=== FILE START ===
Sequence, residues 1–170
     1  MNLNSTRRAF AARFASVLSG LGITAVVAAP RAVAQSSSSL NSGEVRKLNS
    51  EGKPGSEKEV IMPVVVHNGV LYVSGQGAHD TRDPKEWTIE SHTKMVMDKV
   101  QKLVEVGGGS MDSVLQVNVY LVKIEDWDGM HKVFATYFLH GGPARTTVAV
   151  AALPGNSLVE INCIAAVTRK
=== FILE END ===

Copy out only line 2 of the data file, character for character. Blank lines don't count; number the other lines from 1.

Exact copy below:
     1  MNLNSTRRAF AARFASVLSG LGITAVVAAP RAVAQSSSSL NSGEVRKLNS